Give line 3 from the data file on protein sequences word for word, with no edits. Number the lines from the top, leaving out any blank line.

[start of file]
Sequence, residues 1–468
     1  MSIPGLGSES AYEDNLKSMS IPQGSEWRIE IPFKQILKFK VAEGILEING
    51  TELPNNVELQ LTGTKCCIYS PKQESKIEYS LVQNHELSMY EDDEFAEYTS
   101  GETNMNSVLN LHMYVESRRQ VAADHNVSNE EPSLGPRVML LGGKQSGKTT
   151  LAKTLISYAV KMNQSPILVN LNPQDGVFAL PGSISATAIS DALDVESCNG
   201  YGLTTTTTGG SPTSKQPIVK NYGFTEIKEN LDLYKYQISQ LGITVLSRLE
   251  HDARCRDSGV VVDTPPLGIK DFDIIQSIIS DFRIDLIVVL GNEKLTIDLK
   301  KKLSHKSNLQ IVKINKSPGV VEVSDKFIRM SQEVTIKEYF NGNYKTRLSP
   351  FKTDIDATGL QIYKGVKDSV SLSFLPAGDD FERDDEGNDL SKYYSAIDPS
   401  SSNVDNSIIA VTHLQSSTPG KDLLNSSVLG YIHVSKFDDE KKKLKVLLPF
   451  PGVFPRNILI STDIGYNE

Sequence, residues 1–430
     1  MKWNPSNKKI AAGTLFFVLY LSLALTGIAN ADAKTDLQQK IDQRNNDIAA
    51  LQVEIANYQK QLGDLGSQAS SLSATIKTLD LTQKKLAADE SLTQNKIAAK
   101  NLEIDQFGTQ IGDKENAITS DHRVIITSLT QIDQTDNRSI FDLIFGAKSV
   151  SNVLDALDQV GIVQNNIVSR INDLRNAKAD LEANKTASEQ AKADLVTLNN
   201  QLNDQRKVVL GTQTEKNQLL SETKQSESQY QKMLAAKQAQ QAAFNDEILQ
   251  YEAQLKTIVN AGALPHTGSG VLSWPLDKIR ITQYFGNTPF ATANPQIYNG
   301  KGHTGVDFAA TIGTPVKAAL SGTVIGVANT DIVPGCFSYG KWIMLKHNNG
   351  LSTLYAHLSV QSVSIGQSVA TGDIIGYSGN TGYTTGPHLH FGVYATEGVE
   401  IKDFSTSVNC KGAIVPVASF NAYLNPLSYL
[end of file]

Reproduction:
    51  TELPNNVELQ LTGTKCCIYS PKQESKIEYS LVQNHELSMY EDDEFAEYTS